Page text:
From the familiar blue box to gourmet eight-cheese combinations, we can’t seem to get enough of mac and cheese. It may be the be all and end all of down-home comfort food. It’s rich, flavorful and satisfying — friendly and familiar but never dull. It’s a great, classic choice for dinner parties and a vegetarian dish that leaves even the carnivores contented. Almost everyone loves it. Creamy and cheesy, there simply aren’t many foods more comforting than homemade macaroni and cheese.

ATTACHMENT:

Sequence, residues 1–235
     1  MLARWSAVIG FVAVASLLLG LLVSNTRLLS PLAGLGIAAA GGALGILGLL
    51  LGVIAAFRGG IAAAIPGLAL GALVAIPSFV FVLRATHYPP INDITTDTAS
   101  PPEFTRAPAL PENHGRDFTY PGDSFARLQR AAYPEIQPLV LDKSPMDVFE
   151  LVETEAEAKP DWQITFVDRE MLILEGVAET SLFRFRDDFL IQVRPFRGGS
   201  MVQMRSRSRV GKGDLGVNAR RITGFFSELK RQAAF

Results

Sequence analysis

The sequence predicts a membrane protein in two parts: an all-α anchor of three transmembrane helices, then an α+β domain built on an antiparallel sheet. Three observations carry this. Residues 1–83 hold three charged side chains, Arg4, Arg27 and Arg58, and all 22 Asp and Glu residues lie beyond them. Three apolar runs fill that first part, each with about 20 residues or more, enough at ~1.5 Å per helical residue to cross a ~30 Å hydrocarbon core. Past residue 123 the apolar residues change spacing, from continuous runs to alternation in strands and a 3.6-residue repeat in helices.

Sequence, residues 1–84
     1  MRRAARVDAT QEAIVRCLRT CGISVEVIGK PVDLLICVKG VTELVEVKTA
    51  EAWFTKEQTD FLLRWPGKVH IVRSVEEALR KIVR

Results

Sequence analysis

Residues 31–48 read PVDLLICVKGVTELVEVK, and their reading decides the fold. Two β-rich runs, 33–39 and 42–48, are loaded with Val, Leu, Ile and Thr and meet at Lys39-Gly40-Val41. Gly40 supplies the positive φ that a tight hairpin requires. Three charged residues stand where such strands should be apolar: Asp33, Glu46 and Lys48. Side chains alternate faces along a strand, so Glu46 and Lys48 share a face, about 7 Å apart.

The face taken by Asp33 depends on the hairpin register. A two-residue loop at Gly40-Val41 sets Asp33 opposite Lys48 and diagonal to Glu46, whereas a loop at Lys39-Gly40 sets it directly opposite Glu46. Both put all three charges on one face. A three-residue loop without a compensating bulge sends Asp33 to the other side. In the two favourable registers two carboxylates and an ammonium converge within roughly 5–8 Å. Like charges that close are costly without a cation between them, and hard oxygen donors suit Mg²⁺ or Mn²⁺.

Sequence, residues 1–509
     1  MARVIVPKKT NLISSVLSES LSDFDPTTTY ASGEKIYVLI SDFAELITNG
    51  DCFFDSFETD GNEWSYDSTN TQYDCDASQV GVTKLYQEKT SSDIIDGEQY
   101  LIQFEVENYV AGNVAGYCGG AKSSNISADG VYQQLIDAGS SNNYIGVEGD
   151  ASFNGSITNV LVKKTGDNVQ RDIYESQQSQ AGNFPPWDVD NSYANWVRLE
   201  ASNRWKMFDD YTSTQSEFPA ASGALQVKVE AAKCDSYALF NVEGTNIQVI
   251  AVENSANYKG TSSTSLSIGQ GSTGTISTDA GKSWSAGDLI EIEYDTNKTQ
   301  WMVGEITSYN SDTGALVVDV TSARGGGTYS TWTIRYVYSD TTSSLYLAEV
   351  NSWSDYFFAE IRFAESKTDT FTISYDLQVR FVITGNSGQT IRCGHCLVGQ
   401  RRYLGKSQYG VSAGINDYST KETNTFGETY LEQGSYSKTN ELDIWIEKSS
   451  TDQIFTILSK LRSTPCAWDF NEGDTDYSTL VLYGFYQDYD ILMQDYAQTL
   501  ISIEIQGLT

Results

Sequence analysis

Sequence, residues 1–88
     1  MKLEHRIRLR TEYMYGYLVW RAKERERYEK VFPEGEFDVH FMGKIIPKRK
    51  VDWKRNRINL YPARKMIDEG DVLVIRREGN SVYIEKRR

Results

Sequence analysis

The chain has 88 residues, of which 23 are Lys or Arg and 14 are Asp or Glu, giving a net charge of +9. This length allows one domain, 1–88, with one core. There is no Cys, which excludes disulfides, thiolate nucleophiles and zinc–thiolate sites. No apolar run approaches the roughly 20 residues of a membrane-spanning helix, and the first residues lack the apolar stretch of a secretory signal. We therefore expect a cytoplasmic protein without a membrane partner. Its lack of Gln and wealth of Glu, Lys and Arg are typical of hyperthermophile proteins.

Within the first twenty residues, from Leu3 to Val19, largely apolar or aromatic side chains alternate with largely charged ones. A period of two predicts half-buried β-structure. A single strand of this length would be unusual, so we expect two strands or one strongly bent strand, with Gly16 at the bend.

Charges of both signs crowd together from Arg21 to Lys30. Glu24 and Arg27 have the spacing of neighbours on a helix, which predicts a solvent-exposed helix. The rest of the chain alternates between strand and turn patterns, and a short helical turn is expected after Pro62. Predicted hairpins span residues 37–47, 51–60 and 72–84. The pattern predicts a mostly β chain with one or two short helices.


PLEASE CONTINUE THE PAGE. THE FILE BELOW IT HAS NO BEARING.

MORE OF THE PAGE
There are two primary formulas for making all-American macaroni and cheese: the bechamel or custard method. Bechamel is a white sauce made by stirring heated milk into a butter-flour roux. This white sauce can be thin, thick or somewhere in the middle. The thickness of the sauce depends on the proportion of butter and flour to milk and varies according to what you are using it for: for example, thin for soup, medium-bodied for casseroles such as mac and cheese, and thick for souffles. The medium white sauce is probably the most common. The proportions for a thin sauce are 1 tablespoon each of butter and flour per 1 cup of milk, a medium sauce uses 2 tablespoons each of butter and flour, and a very thick sauce, 3 tablespoons each. Bechamel is a very useful sauce in the kitchen, far beyond mac and cheese.